Meet the toddler who is allergic to her own tears

Ivy Angerman is allergic to water.
Ivy Angerman is allergic to water.  Photo: GoFundMe

Eighteen-month-old Ivy Angerman is unlike any other child her age - she is allergic to water. 

When the Minnesota toddler has a bath, sweats, or cries, she breaks out in an itchy, red rash. The little girl was recently diagnosed with a rare condition called Aquagenic Urticaria, (AU) something that usually develops during puberty. As such, doctors believe Ivy may be the youngest person to have been diagnosed with the disorder.

"As a father it absolutely breaks your heart," Ivy's father, Dan Angerman, told local news station Fox 9. 

Ivy's mother, Brittany Angerman, worries about what the condition will mean for Ivy's future. "I thought about, is she ever going to be able to go to daycare?" she says. "Is she ever going to be able to go to public school? Is she going to be able to ever go in the ocean?

"I just hope that someday she can drink water and be able to live a somewhat normal life."

Ms Angerman told Metro that she will have to help her daughter learn how to manage her emotions - without tears.

"I'm going to have to teach her to not cry and try to hide it or bring it out in some other way," she said. "It's really hard, it breaks my heart, everything about it makes me upset."

The family now bathe Ivy only once a week. "Her skin looks like she's getting washed in bleach," Ms Angerman says. "I'm effectively washing my daughter in bleach."

18-month-old Ivy is allergic to water.

18-month-old Ivy is allergic to water. Photo: Go Fund Me

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Because AU is so rare there is very limited information on the effectiveness of treatments for the condition. In fact, fewer than 100 cases have been reported in the literature, according to a case report in Annals of Dermatology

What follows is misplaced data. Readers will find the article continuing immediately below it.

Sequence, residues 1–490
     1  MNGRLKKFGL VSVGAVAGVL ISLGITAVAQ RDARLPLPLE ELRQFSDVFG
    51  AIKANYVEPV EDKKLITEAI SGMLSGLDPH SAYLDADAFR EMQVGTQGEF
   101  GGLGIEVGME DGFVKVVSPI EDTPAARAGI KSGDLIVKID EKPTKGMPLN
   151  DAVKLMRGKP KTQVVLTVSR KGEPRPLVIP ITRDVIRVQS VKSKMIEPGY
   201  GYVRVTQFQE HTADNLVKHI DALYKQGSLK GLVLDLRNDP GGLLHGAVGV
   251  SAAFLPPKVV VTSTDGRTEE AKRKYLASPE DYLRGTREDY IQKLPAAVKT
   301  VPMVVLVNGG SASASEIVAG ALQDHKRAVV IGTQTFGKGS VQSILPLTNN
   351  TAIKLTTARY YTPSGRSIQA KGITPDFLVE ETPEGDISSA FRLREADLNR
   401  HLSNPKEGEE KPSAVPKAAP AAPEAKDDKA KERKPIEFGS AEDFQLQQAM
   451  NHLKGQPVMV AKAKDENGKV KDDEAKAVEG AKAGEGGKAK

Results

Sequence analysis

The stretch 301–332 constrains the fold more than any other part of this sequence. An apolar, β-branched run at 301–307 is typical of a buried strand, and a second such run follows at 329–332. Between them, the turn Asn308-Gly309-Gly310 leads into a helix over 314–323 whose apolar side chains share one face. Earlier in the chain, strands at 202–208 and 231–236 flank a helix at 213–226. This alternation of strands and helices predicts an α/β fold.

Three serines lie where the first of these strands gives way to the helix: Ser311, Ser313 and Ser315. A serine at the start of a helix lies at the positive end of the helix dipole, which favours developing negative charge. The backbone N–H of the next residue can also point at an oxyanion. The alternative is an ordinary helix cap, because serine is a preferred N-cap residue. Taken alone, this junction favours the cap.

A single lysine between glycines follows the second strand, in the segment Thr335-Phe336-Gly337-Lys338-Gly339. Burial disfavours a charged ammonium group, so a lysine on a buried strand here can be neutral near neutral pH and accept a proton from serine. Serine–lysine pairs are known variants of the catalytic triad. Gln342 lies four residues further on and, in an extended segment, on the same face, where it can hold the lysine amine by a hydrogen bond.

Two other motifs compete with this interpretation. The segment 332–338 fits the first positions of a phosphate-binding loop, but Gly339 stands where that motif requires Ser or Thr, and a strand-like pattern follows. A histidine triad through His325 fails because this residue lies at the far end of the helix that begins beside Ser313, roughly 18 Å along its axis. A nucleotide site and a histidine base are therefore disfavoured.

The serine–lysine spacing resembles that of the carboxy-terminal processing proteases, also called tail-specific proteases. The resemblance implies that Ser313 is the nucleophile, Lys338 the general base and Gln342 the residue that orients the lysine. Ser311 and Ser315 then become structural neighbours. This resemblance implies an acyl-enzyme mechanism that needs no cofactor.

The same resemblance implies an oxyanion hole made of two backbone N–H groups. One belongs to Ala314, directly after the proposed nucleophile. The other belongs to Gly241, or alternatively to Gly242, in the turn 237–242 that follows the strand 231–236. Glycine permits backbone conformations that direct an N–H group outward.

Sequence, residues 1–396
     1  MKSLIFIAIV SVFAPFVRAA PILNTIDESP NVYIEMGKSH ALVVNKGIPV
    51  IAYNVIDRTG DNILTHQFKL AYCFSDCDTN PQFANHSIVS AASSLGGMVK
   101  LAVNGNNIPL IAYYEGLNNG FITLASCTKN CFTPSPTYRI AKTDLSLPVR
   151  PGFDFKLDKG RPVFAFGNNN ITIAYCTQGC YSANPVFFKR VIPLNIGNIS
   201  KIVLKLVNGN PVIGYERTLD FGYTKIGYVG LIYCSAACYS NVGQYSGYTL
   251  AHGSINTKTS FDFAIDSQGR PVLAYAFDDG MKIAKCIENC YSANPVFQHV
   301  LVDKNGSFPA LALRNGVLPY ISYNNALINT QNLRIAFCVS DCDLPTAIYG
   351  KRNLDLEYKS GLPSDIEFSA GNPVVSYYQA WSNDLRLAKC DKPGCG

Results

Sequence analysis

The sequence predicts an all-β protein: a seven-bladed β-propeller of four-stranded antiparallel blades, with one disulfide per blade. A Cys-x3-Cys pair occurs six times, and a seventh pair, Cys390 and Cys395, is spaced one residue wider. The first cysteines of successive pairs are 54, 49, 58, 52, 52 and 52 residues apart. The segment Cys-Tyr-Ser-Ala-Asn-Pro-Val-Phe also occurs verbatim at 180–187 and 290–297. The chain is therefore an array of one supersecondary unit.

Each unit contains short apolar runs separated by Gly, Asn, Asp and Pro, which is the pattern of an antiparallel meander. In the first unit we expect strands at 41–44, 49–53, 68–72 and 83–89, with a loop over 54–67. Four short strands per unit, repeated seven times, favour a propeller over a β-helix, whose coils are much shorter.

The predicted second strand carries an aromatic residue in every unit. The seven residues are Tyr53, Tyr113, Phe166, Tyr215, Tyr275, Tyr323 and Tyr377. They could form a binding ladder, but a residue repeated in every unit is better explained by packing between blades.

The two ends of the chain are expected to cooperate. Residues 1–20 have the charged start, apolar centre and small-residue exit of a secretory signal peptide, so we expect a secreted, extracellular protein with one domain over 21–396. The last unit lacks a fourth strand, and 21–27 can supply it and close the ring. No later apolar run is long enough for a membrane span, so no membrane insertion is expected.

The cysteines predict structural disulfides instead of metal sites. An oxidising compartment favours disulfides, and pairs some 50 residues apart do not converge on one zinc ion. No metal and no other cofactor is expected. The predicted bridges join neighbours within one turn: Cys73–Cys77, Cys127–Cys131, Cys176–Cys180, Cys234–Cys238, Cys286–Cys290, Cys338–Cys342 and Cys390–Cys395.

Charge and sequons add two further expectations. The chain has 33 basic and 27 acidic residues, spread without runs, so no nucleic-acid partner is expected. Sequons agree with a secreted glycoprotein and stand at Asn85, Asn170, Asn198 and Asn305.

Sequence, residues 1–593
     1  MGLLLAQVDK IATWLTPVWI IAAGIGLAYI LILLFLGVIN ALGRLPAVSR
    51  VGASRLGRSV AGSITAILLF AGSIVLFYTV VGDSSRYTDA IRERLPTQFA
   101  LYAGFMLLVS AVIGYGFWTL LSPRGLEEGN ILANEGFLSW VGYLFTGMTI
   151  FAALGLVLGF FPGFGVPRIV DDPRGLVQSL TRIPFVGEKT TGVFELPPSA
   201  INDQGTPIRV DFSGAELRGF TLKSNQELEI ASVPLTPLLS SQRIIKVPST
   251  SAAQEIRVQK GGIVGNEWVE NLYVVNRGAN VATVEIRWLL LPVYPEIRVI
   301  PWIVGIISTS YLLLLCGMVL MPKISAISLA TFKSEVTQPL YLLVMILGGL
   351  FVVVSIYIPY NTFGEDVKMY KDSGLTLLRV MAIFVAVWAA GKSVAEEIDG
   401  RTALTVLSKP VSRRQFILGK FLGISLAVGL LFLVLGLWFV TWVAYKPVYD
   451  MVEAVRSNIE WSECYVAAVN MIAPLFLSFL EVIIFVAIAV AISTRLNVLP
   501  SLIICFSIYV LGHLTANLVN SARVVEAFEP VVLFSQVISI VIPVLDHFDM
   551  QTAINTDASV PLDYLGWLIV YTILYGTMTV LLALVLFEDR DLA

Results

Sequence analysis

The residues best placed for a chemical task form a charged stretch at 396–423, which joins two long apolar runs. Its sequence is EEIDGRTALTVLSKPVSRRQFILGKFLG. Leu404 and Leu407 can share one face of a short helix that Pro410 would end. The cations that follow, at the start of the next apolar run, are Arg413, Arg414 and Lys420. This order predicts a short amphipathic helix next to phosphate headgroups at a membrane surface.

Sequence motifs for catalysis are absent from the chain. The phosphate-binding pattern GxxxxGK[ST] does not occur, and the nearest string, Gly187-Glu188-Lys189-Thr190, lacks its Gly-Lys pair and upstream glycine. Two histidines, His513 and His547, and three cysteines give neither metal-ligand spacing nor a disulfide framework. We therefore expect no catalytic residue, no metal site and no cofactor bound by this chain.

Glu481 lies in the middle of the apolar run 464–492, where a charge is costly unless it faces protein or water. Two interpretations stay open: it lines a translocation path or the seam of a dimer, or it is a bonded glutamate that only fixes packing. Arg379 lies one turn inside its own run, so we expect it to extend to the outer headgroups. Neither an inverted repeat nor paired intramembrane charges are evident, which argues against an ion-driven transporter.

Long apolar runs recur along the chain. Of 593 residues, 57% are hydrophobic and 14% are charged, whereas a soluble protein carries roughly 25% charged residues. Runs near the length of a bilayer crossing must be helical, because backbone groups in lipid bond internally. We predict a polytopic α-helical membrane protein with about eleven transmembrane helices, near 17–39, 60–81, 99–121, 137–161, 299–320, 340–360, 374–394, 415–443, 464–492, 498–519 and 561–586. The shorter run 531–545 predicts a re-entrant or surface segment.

For now, medication provides some relief.

"We have her on antihistamines which seem to be helping the severity of the reactions," Mr Angerman says. Doctors have also told the couple to purify Ivy's water and to use central airconditioning to prevent overheating, something their home doesn't have.

The family have established a Go Fund Me Account to raise money for research and medical costs.

"My name is Ivy Lynn and I am one-and-a-half years old," her page reads. "When I was about a year old I started to have random allergic reactions after bath time ... Unfortunately we live in a very old house and the water isn't the best here either. Now my family and I are going to have to find a new home with a well, a purified water system, and central air, as this would greatly limit the severity of my reactions.

"Any, and all, donations we receive will be used to provide me with the best care possible and to help cover research and medical expenses."

Ms Angerman told Metro that they are taking each day as it comes. "We want to try and buy [Ivy] a water purifier which we hope could make the reaction less intense for her," she says. "Eventually we will think about moving somewhere that is not as wet too."

While the cause of AU is unknown, according to the Genetic and Rare Diseases Information Centre (GARD), there are two main theories:

  • A substance dissolved in water enters the skin and triggers an immune response. In this scenario, the rash isn't caused by water, rather an allergen in the water. 
  • An interaction between water and a substance found in or on the skin generates a toxic material, which results in a rash.

You can make a donation to Ivy's Go Fund Me account here.